Scams and Spam

public domain clipart courtesy of http://www.clker.comIt’s interesting how the occasional scammer and spammer reminds me that I have neglected my blog for too long. This morning, I received an invite to join the Illuminati in the spam section of my comments list — with the promise of power, influence, and the potential of earning up to $12,000 every week. I only needed to visit their website and enter my credit information in order to join their global cabal of the powerful and wealthy, the mighty string-pullers behind the shadowy veil.

They didn’t promise me a name tag, though. As everyone who has watched at least one James Bond movie knows, anyone who joins an evil, global cabal, but doesn’t get a name tag, pretty much signs his own death warrant.

While one can reasonably argue that something is always “rotten in the state of Denmark,” to borrow a phrase from Hamlet, I’m still very skeptical any time someone invokes that “master conspiracy” to usher in the New World Order (NWO). Most decry the NWO as bad, and some say it will be the exact opposite. On the positivist side of the spectrum, they are people who believe them to be enlightened spirit beings, sometimes from outer space, and on the other side there are those who think they are a genocidal cabal of the powerful and wealthy, sometimes from outer space. Others still claim that there are two Illuminati, one good and one evil. Those who do, naturally claim that they belong to the good Illuminati and that they are fighting the bad ones — sometimes in outer space!

In the absence of any credible, widely available scholarship during the 1980s and early ’90s, the works of Robert Anton Wilson and Rev. Ivan Stang became powerful inoculates for me. I quickly learned that Wilson used language as a psychedelic, shuffling fact and fiction in such a manner that the reader never knew when he was serious and when he was not. The Illuminatus! Trilogy and its sequels, but also his nonfiction works, like Ishtar Rising and The New Inquisition pushed the envelope far beyond anything Kurt Vonnegut and Thomas Pynchon could have fathomed in Cat’s Cradle and The Crying of Lot 49. Stang’s Book of the Subgenius: The Sacred Teachings of J.R. “Bob” Dobbs and High Weirdness by Mail surveyed and reinvented the extreme ends of the conspiracy spectrum in such a manner that until 2011, when I was commissioned to translate Adam Weishaupt’s A Brief Justification of my Intentions, I felt that satire was the only counterweight to the conspiracy scene’s most extreme aspects.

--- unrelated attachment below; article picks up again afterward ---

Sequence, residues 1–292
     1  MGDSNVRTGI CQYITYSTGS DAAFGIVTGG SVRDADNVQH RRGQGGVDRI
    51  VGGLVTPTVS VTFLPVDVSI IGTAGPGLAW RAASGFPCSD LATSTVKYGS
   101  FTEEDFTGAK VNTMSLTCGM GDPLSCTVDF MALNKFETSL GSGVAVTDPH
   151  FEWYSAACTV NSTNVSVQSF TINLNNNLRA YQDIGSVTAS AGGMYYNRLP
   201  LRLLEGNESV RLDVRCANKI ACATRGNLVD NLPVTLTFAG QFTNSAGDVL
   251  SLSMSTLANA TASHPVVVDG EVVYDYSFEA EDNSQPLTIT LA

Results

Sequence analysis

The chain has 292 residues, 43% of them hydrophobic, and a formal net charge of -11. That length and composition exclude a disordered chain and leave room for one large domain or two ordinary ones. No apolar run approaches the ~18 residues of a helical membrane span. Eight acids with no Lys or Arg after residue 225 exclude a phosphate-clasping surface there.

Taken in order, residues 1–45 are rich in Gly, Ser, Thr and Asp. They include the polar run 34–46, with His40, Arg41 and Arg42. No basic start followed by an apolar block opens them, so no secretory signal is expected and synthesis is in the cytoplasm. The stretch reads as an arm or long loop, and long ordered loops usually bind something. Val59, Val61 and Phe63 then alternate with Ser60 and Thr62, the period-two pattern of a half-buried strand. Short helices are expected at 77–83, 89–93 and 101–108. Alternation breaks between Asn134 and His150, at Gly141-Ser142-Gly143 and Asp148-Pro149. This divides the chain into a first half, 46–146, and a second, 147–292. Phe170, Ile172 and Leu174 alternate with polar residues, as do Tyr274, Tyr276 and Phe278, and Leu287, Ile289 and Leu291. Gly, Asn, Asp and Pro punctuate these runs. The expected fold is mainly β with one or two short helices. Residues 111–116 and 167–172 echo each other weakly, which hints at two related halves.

My own contribution to what I believed to be the good fight can be found here:

The Moon Hoax: Why We Never Went, What Really Happened to the Moon, and What’s at Stake for the Rest of Us (12 min. video, satire)

But I am done with that sort of cynicism.

While it’s neither in my power — nor my intention — do deny anyone’s right to believe whatever they choose, one had better present solid proof before making claims about extraterrestrial cabals who are out to wipe out the human race, or mystic healers who will save it, if only enough people send them enough money.

There is a small, but determined and growing body of researchers and academics who have access of the Illuminati source documents and are making them available to the English speaking public. The links list at the bottom of each blog entry here is not exhaustive, but it provides a good starting point. I have referred to the works of Terry Melanson and Marco di Luchetti in more than one post, and other English speaking academics are more than welcome to let me know they are “out there.” German speaking readers of this blog will also find the works of Reinhard Markner, and Peggy Pawlowski, Ph.D. very useful.

My translation of Knigge’s Philo’s Reply to Questions Concerning His Association with the Illuminati is also available. To boot, I am also collaborating with Josef Waeges and and Reinhard Markner on an English translation of Ritual and Doctrine of the Illuminati, a section of which will be posted on this blog July 31, 2013.